Seven years ago, Bush singer Gavin Rossdale entered the spotlight screaming the lines, "Everything zen? Everything zen?/ I don't think so." While he was reflecting the frustration and disenchantment of the era, he might well have been singing about Bush circa 2001.
After 1999's techno-influenced The Science of Things failed to compute for many of the band's fans, the English quartet Rossdale, guitarist Nigel Pulsford, bassist Dave Parsons and drummer Robin Goodridge went defiantly back into the studio to try to recapture some of their former bluster. And despite what Billboard's charts might suggest, life doesn't end at 30.
"It's so crazy to me that people question whether it's still viable for me to be doing this," Rossdale griped over the phone from his London home shortly before the band released its turbulent new single, "The People That We Love," to radio. (The song had been titled "Speed Kills," but that was changed after the September 11 terrorist attacks. In the single, Rossdale sings, "The things we do to the people that we love/ The way we break into something in the wake/ Destroy the world that we took so long to make.")
"No one should sit down at age 30 and go, 'Well, it's time for the slippers.' You need to express things if you're an artist, and that has nothing to do with age. Sometimes I wish I'd chosen to work in a different medium. No one asks classical musicians or playwrights if they think they're too old to create."
Bush's fourth album, Golden State, arrives October 23 and marks a return to their rock roots. Rossdale has turned back the clock and returned to the visceral rock riffs and yearning, earnest melodies that first inspired him to pick up a guitar.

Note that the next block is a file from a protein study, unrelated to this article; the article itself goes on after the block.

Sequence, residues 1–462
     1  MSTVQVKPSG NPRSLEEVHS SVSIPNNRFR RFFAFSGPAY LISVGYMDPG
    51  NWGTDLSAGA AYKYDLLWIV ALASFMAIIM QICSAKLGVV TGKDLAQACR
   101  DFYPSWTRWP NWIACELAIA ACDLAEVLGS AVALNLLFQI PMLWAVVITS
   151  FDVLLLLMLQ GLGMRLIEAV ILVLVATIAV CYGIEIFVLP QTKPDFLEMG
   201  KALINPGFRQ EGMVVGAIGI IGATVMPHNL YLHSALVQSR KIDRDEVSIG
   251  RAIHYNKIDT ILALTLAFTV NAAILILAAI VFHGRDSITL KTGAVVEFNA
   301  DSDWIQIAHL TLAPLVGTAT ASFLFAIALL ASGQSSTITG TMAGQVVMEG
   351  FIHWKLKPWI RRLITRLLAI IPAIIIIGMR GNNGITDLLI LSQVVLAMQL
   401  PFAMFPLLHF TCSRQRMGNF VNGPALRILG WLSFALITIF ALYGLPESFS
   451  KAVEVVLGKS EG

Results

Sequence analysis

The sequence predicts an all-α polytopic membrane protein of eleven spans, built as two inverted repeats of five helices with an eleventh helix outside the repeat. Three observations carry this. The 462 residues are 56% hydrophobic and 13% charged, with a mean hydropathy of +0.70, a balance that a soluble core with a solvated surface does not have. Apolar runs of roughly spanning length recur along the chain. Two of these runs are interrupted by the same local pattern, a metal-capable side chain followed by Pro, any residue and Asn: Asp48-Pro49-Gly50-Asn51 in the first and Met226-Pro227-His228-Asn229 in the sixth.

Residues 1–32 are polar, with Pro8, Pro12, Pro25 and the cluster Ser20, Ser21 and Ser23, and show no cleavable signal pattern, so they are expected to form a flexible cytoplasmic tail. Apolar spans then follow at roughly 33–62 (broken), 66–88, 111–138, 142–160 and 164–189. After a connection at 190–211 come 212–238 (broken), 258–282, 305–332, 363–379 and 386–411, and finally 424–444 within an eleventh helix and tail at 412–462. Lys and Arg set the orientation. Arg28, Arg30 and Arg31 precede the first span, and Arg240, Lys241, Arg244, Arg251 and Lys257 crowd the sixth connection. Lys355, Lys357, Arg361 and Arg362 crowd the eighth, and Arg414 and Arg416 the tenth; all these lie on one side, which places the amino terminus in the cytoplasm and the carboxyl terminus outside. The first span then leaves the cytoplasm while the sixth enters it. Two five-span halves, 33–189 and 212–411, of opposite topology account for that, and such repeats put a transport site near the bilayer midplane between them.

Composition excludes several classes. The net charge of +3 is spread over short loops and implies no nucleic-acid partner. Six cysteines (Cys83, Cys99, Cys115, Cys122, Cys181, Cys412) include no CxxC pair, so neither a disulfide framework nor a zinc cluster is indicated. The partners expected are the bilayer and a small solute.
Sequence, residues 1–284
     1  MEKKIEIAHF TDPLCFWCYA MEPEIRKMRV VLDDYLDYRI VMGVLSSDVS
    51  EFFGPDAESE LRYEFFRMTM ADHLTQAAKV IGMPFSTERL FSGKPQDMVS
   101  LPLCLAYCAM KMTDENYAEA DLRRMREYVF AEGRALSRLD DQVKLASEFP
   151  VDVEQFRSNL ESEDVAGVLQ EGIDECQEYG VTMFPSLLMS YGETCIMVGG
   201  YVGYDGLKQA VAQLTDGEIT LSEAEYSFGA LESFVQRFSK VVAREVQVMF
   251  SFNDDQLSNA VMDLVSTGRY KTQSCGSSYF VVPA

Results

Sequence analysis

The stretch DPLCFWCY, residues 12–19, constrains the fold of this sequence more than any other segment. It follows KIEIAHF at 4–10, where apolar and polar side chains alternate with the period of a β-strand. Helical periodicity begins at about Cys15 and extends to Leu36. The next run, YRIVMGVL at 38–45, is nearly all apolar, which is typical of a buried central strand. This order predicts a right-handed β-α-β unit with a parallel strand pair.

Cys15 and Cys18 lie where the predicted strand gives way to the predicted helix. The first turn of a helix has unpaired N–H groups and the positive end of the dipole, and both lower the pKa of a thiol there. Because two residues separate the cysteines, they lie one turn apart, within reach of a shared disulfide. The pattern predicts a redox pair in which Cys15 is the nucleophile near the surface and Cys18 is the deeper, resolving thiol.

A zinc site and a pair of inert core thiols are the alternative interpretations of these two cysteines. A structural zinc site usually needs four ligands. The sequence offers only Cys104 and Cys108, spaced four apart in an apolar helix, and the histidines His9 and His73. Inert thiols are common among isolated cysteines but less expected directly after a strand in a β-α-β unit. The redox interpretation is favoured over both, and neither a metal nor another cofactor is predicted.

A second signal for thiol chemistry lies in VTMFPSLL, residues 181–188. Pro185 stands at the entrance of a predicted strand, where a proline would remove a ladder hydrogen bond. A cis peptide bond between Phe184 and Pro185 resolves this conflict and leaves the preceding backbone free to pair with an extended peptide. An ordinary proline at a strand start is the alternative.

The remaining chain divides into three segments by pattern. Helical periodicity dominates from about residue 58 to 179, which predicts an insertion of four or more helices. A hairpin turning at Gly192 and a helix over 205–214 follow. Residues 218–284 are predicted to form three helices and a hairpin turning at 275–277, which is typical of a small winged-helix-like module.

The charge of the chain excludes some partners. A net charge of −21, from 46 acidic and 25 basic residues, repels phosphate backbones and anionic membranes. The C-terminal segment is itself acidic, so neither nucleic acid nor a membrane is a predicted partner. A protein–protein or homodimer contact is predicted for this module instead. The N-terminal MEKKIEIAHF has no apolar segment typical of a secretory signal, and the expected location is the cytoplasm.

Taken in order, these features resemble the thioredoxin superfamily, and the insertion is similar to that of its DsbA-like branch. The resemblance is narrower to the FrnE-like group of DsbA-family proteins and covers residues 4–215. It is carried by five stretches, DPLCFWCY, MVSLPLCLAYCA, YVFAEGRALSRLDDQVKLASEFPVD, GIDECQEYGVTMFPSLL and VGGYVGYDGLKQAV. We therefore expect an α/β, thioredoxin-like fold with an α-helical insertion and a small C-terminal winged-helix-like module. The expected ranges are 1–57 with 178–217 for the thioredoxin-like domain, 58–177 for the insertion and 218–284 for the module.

"We tried to lose our inhibitions and make a primal rock record," he said. "It was a return to the band esthetic. There's something really powerful about four people playing together."
Not all of Golden State is as punchy as "The People That We Love." The opening cut, "Solutions," seesaws between melancholy reflection and guitar bombast. "Superman" opens with brooding bass and ringing guitars before blossoming into a sumptuous chorus. "Fugitive" is choppy and insistent, drawing strength from a propulsive rhythm and eerie, echoing guitar noises. And "Head Full of Ghosts" is a slow, pain-stricken ode full of haunting guitars, aching vocals and the repeated line, "Where is my head, where are my bones?"
"It's a really weird, majestic track," Rossdale said of "Head Full of Ghosts," adding that it might be the record's second single. "It's so mournful and sad. It gets me right in my stomach when I hear it, which is how I know I've done a track right."
Majestic and euphoric overall, Golden State had a shaky beginning last November. After returning to its London rehearsal room following a three-month break, the band took a while to rediscover its collective muse.
"It went slower than we all expected it to," admitted Rossdale. "We were together for five weeks and I was like, 'Oh f---, this sounds really sh--ty!'."
The songs began to take shape two weeks before Christmas, but the entire project was put on hold for 21 days when the Los Angeles studio the band had booked proved unsatisfactory.
"That was a total drag because we didn't want to just go back to rehearsing," Rossdale said. "We lost a bit of momentum but soon got it back. The rest of the experience was really good.
"I love being in the studio," he continued after a long pause. "You play something and hear it back. You try to get it right. You love each other and hate each other. It's crazy, but it's a really cool experience. I'd hate to give it up."